Like a mountaineer desperately trying to hoist himself to the next ledge, last night the up-and-down Islanders encountered their biggest obstacle.
Similar to a boulder blocking their path, coach Doug Weight’s skaters had to somehow surmount a roaring Rangers sextet seeking its seventh straight victory.
Yet, somehow, the Brooklynites got their game back on the rails and managed a surprising 4-2 triumph at a tumultuous Barclays Center.
Ryan McDonagh says the Rangers were unable to build upon their strong start in their 4-2 loss to the Islanders.
Paced by captain John Tavares, the Isles — at least for the moment — erased the memory of the spanking inflicted on Tuesday night in Toronto with one of their most valiant efforts.
As for the Rangers, well, streaks don’t go on for an eternity in the NHL.
OVERVIEW: The Blueshirts drew first blood and had chances for a two-goal lead in the first period. But the combination of a tenacious Islanders sextet and superior Thomas Greiss goaltending kept the home club in the game. Goals by the suddenly surging Anders Lee and Andrew Ladd put the Islanders ahead to stay despite the Rangers usual third-period press. This time it fell short as the Law of Averages finally turned thumbs-down on Alain Vigneault‘s club.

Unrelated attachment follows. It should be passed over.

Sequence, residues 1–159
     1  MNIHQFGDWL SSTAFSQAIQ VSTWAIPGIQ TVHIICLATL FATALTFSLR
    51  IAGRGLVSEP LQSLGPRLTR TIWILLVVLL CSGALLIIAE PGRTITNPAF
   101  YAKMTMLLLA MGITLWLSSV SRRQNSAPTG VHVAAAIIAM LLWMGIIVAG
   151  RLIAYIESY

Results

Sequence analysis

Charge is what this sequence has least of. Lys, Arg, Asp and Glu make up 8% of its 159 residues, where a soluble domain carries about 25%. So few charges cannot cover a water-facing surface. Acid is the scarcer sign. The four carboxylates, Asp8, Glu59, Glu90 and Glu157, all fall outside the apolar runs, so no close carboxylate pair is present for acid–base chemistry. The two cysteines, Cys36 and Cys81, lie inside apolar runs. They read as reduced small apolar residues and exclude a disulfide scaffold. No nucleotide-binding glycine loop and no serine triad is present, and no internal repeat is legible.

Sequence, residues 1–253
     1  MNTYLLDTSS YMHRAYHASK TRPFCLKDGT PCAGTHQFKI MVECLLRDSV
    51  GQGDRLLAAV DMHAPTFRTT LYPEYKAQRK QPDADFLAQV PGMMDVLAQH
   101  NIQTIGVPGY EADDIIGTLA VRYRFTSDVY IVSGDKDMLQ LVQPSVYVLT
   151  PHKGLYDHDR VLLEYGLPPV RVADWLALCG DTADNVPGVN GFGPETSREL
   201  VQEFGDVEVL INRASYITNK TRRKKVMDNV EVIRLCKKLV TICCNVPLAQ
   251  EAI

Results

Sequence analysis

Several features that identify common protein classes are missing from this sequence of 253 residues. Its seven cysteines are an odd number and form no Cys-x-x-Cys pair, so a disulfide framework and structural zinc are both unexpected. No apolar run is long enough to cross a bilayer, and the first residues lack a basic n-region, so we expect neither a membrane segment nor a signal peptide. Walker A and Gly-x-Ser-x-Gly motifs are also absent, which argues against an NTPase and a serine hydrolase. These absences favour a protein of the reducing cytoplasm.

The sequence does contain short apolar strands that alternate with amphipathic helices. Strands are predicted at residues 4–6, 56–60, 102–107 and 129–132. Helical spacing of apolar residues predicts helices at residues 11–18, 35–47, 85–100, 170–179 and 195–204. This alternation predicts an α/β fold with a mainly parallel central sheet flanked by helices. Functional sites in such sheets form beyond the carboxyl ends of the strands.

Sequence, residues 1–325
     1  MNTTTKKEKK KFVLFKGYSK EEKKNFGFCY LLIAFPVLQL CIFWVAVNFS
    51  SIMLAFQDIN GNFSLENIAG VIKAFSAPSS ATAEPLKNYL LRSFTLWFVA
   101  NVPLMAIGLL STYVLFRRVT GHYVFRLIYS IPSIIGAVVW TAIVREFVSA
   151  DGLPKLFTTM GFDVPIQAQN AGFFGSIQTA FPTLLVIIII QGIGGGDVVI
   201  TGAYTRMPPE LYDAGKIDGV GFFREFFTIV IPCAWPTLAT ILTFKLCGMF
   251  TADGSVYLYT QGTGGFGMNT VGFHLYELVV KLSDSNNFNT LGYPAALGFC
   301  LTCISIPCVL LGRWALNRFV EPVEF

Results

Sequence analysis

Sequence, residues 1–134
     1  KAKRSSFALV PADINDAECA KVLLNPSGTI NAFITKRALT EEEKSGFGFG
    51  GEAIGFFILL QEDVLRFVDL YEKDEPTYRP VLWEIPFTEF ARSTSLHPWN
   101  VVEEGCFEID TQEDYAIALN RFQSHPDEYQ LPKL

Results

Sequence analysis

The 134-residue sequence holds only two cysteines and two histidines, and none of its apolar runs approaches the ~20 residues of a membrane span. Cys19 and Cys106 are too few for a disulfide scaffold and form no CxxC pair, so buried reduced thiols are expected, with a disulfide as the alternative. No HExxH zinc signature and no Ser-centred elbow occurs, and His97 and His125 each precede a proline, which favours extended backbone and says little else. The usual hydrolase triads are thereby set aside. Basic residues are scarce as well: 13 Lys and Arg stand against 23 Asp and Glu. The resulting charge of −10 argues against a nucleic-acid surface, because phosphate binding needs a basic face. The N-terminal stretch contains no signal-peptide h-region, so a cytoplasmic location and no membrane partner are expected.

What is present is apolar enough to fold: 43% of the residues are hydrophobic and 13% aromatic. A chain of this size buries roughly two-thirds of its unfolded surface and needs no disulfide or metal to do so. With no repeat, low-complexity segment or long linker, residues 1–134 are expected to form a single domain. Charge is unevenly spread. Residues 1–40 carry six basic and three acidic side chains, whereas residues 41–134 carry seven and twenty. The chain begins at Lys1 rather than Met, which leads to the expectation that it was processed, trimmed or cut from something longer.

WHAT WENT WRONG:
- THE POWER PLAY: The Rangers man-advantage found the scoresheet, but struggled to make a big play when it was most needed. With a 4 on 3 power play, New York failed to convert and tie the game at two. With a four-minute power play, the Blueshirts gave up a shorthanded goal to Nikolay Kulemin, which made it 3-1 at 3:03 of the third period. Jimmy Vesey reduced the deficit to 3-2, but the visitors missed-chances essentially negated the positive effect of the goal.